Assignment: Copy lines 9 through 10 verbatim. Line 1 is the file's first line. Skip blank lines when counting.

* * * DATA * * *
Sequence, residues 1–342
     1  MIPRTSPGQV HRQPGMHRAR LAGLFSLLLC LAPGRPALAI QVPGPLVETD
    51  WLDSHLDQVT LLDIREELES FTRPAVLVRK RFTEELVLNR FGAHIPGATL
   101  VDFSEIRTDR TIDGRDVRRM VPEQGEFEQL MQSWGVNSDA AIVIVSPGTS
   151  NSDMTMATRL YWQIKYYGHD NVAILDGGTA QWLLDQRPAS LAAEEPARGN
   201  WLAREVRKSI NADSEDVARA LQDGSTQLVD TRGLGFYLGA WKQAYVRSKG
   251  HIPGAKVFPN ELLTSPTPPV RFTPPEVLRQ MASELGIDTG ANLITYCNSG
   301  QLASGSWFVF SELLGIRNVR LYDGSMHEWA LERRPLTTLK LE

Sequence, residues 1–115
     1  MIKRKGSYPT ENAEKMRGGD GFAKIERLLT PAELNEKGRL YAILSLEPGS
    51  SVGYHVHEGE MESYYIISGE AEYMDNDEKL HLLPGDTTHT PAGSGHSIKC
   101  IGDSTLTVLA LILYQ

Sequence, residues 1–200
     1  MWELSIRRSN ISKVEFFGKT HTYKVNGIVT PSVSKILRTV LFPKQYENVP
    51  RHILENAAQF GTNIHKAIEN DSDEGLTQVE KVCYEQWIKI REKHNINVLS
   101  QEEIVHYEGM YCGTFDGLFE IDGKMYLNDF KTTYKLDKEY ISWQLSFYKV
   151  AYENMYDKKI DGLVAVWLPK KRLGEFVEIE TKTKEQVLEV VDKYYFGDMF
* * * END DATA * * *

Sequence, residues 1–115
     1  MIKRKGSYPT ENAEKMRGGD GFAKIERLLT PAELNEKGRL YAILSLEPGS